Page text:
It reeks of crab urine on board. The Aalut steers toward a buoy. A winch reels in a rope with bow nets out of the water. Seamen pick the crabs out of the nets, then throw them back into the ocean with fresh bait. Fifty bow nets at every buoy, six buoys per day, one thousand five hundred kilograms of crab in two days. The cannon at the bow remains unused. It is used for firing harpoons. The Aalut is a whaler.
We reached the Greenland city of Ilulissat on August 2nd. The days of the midnight sun were gone, however the nights were still brightly lit. It took a weighty recommendation to convince ship owner Aqqalu to let journalists on board his whaler: The Europeans are known to be against whale hunting. An eyewitness account of these activities from such a perspective was feared to stir negative propaganda.
We travel northward along the coast. The scenery is magnificent. The water is bluish black under the blue sky, dark olive green under the clouds, turquoise between the icebergs, and, during the evening and on into the night, reflects the yellow and orange of the sky in the north. The resins of the tundra plants are smelled far out at sea.
Commercial hunting of large whales has been banned by a ruling of the International Whaling Commission (IWC) since 1986. The IWC is a unique setup; founded as a hunting supervisory committee (and not a species preservation organization), it does not prohibit hunting in and of itself, but rather restricts the quota to zero. Without this sanction in place, a few species would, without a doubt, have already been eliminated today. However, members of the IWC are in profound disagreement. It is an open secret that African and Caribbean countries only joined the IWC to support a loosening of the whale protection ruling (lured by Japanese development aid money). On the other hand, the inland country of Switzerland, for example—as unique member of a whaling commission—was “invited to join the IWC in order to assist in establishing a moratorium,” says Swiss IWC delegate Thomas Althaus. Today, Japan and Norway are the only countries that hunt on a massive scale, the former declaring its commercial quest for scientific reasons, with the latter refusing to recognize the ruling passed in 1986. The hunting of small whales—including belugas, orcas, and dolphins—is not regulated by the IWC.
Explicitly permitted and seldomly disputed among experts is the so-called “aboriginal subsistence hunting” of a few groups of people living in the northern polar region. Greenland may only kill 19 fin and 190 minke whales per year to feed its 56,000 inhabitants. Export of the products is prohibited.
Two-and-a-half days go by before we see the first whales. They are humpbacks, which cannot be hunted. Whales are hunted by cruising up and down the coastline until one just happens to be spotted. Now and then, fishermen radio others in the area when they see activity. Radar, Echolot, and a satellite-based positioning system are used for navigation. The large brass compass on its oak base (the needle points northwest, 319 degrees) is hardly of use in a situation like this; scoping out whales is solely the work of the human eye. A pair of binoculars is onboard, however they also aren’t of much use, as they restrict the field of vision too much. The crow’s nest is constructed of two ropes and a close-weave net stretched between the mast columns 4 meters above deck.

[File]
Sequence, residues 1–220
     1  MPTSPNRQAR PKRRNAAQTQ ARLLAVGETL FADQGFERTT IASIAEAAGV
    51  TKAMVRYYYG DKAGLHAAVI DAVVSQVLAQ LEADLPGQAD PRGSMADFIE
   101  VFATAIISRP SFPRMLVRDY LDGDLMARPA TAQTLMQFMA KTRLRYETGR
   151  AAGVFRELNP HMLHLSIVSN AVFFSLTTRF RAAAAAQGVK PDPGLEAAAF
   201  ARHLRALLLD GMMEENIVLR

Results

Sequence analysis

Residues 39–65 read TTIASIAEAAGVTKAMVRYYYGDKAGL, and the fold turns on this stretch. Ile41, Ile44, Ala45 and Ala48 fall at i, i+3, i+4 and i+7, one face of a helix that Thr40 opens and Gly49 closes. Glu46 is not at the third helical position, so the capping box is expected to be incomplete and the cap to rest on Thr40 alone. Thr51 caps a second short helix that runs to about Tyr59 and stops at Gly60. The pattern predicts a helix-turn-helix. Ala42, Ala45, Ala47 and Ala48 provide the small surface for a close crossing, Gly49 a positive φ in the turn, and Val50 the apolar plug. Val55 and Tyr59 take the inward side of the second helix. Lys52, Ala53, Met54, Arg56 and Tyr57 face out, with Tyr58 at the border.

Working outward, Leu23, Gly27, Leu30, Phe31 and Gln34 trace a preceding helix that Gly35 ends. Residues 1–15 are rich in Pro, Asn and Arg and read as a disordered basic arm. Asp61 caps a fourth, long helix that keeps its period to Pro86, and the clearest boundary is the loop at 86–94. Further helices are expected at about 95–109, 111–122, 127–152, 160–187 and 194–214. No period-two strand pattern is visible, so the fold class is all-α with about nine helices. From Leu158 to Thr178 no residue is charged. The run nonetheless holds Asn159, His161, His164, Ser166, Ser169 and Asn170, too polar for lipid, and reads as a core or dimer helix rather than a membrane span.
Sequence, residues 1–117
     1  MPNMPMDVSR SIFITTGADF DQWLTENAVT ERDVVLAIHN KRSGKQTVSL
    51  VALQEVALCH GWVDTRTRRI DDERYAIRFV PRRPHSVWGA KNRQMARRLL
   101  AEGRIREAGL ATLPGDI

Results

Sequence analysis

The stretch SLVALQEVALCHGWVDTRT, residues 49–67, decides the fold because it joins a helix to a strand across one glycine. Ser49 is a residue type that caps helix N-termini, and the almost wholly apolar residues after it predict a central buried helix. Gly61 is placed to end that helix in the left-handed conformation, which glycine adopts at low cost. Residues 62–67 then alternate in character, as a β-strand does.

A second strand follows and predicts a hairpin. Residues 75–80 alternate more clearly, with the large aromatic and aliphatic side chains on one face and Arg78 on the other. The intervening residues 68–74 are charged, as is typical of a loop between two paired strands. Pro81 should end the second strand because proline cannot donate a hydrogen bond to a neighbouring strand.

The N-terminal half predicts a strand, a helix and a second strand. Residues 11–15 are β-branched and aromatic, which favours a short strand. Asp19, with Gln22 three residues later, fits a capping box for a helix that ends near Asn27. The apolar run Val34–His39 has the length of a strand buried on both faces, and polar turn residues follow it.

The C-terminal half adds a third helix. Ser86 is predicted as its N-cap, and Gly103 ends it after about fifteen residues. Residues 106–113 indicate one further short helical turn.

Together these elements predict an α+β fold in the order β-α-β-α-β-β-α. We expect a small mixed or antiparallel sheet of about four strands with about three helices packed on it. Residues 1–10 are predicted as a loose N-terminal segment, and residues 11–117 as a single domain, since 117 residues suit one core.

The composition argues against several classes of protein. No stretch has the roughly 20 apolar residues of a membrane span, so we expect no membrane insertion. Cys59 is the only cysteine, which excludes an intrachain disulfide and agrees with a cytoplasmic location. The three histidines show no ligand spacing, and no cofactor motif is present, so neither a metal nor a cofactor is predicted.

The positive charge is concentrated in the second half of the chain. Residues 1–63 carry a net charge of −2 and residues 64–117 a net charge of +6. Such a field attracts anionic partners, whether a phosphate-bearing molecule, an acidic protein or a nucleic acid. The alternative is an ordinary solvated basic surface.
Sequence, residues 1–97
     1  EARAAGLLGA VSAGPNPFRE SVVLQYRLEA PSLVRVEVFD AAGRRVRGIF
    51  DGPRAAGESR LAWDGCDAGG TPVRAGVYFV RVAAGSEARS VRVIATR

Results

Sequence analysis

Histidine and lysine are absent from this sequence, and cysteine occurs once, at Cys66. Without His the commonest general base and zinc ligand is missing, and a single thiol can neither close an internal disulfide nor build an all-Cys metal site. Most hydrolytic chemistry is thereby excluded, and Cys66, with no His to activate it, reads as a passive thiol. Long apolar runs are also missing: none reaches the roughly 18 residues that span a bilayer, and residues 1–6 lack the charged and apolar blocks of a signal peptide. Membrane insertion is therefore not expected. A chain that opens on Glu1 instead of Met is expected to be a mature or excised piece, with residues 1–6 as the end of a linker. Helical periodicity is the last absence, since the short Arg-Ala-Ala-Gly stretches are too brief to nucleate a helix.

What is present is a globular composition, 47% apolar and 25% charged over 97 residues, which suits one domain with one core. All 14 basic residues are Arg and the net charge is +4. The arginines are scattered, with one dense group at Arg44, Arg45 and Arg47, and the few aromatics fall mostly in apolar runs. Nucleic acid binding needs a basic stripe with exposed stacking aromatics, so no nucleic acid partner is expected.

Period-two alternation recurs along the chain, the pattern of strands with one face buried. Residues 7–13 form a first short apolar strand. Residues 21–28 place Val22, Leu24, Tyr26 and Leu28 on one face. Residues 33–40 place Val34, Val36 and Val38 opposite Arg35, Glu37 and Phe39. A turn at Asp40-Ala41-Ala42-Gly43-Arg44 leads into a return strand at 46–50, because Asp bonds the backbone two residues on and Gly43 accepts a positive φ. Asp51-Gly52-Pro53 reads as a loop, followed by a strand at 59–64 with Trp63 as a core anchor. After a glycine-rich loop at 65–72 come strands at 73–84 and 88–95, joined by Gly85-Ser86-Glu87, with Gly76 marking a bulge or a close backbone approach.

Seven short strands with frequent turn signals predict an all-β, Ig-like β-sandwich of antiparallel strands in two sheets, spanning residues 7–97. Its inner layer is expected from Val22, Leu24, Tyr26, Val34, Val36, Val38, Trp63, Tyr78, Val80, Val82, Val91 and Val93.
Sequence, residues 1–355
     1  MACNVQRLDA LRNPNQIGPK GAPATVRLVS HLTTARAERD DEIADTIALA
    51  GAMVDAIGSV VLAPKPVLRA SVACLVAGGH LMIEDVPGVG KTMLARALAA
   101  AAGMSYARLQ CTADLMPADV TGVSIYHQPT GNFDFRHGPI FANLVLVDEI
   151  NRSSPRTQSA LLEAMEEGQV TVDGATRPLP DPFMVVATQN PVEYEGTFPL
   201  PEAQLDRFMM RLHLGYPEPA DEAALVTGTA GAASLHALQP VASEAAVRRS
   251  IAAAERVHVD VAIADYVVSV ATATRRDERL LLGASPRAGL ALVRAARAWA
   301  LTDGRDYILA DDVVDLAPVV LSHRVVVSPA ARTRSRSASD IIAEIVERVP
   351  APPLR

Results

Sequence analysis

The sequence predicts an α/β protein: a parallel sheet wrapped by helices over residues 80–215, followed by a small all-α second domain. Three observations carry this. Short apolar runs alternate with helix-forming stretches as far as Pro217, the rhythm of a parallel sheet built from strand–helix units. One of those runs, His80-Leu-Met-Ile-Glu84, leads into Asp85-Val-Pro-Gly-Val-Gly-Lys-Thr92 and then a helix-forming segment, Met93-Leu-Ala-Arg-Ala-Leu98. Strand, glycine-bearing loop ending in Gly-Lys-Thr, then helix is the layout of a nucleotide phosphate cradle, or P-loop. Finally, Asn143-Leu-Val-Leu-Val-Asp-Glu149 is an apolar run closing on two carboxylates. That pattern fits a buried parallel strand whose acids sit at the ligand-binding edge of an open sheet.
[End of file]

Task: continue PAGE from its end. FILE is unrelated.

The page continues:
As the Aalut heads back to the home port of Ilulissat three days later - with an empty cargo hold at that—ship owner Aqqalu decrees that we now have to fish for crabs. So the men begrudgingly do this for two days. On the evening of the second day, two waterspouts are suddenly spotted on the starboard side of the vessel! The respiration of both whales casts a mist of crystalline white against the backdrop of the rust red stone arcades and gravel beaches of Disko island. A shimmering, blue-black dorsum emerges at the water’s surface: it’s a fin whale, alright. It heaves forward. The whale blows another spout, gradually rises above the water, the fin appears for a brief moment, then dives down with the entire creature in one fell swoop. Here comes the second whale. The animals are beautiful, yet gigantic, graceful, majestic. In short: simply marvelous.
A fin whale is more than twice as long as the Aalut; without the aid of a larger ship, it couldn’t tow such girth back to port. But a minke whale was also spotted, as heard over radio. At up to 10 meters in length, these animals are the smallest species of large whales. The Aalut unloads the crabs onto a factory vessel, then goes back out to sea just before midnight. After a half hour, Albert catches a glimpse of the minke whale from the helm. The cannon (caliber: 65 millimeters) is loaded and ready, the grenade (lined with 22 grams of PETN explosive) is affixed to the tip of the harpoon, the ropes are properly coiled. Albert takes over the cannon. There should be no more than 20 meters between an animal of this size and the point of fire. The whale slowly but surely rises to the surface. It has no inkling of the danger signaled by the loud chugging of the engine. The Aalut inches nearer and nearer, reducing speed to three knots. The whale dives, resurfaces a few minutes later, the Aalut corrects its course, then the whale dives again. Finally, at a quarter past one in the morning, the whale reappears, this time directly in front of the bow. Albert shoots, and the harpoon yanks the rope with the yellow buoy into the water.